Lee Rainie, Director, Pew Internet & American Life Project
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As director of the Pew Internet & American Life Project, Lee Rainie has a unique perspective on the intersection of technology and society.
His nonprofit research organization uses survey data to produce insightful reports examining the Internet's effect on families, communities, work and home, daily life, education, health care, and civic and political life.
Previously, Rainie was managing editor of U.S. News & World Report. He spent 12 years at the magazine, editing several sections during his tenure and overseeing the magazine's online presence.
Rainie recently sat down with internetnews.com at the World Wide Web Consortium's (W3C) 10th Anniversary event in Boston to discuss Internet trends.
Q: Your project produces between 12 and 15 reports a year looking at Internet trends. What, if anything, has surprised you the most from your research?
There are a couple of real surprises. American women are more likely to play online games than men. They are doing board games and cards games and things like that.
Another big surprise in our data was when we asked non-Internet users if they live in a home with Internet access. Twenty percent [do]. For some, [not being online] is a proud lifestyle choice; some don't want to get in the queue for that computer.
Or, for a number, they still have some tech wariness; they don't know if they're as [adept as their] teenage son, their husband or granddaughter. They have [a family member] send and receive e-mail for them or look things up.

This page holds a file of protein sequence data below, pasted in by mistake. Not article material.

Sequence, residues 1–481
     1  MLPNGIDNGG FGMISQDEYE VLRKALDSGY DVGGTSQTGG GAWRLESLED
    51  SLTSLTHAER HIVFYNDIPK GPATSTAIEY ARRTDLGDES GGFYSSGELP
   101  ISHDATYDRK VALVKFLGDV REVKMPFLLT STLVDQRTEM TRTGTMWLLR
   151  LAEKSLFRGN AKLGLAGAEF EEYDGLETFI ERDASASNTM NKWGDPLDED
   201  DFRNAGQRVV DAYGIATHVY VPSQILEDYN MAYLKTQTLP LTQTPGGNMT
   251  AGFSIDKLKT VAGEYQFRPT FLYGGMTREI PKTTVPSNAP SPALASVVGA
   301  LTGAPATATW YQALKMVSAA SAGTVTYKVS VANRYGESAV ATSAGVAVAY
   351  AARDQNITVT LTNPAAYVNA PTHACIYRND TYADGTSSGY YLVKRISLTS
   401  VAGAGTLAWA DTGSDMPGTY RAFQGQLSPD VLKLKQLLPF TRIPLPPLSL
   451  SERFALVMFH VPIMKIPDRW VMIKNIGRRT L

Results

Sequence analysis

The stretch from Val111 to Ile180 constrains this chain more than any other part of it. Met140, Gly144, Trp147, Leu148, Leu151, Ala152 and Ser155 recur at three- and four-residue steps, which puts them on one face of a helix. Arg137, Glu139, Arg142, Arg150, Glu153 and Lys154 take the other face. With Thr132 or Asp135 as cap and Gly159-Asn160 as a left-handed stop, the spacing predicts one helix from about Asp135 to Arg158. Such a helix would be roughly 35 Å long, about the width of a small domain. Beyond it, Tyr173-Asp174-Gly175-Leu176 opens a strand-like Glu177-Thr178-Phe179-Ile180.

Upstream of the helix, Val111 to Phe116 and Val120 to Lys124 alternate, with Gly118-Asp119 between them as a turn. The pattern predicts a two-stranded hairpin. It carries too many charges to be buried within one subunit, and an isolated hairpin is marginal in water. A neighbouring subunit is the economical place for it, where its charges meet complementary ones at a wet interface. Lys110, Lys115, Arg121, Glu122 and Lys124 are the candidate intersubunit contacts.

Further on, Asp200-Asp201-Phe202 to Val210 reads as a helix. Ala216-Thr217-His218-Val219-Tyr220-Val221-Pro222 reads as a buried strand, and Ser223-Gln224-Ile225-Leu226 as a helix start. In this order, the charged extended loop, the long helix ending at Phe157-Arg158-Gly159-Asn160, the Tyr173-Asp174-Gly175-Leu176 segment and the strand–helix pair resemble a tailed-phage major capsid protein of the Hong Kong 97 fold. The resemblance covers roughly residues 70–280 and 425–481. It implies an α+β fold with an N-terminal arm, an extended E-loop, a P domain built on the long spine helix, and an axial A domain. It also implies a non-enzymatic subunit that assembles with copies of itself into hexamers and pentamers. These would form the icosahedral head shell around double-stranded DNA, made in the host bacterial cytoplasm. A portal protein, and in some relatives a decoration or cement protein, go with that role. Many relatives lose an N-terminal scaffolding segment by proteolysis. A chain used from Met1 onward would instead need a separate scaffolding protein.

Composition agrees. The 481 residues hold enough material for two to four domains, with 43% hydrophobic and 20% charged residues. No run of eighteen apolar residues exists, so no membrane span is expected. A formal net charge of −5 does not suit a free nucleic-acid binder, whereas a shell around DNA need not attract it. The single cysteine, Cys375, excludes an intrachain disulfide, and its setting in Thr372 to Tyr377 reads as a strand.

The growth of online banking has surprised me. [In our surveys, it rates as] fastest or second-fastest growing use. It's all about convenience and banks building trust with existing customers.
Q: What role did the Internet play in the fall elections?
The 2003-2004 cycle was notable for a couple of things. One was that social networking evolved, services like Meetup and Friendster. Howard Dean taught everyone how to do new kinds of mobilization and constituent-building.
Then there were orders of magnitude. More money was raised online than in 2000. Equally interesting is that of all the money raised online, less than 1 percent was spent on online ads; it was dumped into TV ads. It was a gold rush for local TV stations in [battleground] states. The Internet proved itself as a [fundraising] tool, but no one thought it was a good way to persuade people.
There was also the blogger phenomenon, which highlights the broader civic chatter going on in discussion groups, family lists; there were incredible amounts of political discussion going on. [They] challenged the mass media and candidates.
Q: There's a lot of hand-wringing about the United States' place in worldwide broadband rankings. What's your take on it?
The biggest hindrance to widespread broadband adoption is that we're not growing new Internet users anymore. In the fall of 2001, Internet penetration hit a wall. It started inching up again this year, but it's not dramatically different than when the towers were attacked. Part of the reason is economic.
Part of it is we might have reached close to a saturation point for available interested people. Thirty-seven percent of adults don't use the Internet; half say they won't. Over the next five to 10 years, [the adoption rate] might, like cable, hit a high of around 70 percent.
There's still some resistance. That changes. Kids are wild about the Internet. And broadband users are almost invariably people who have a number of years of dial-up experience.
I'm a believer in American exceptionalism. In America you have to string a lot of wire to remote places or install antennas. There are technological barriers, but bigger ones inside people's heads.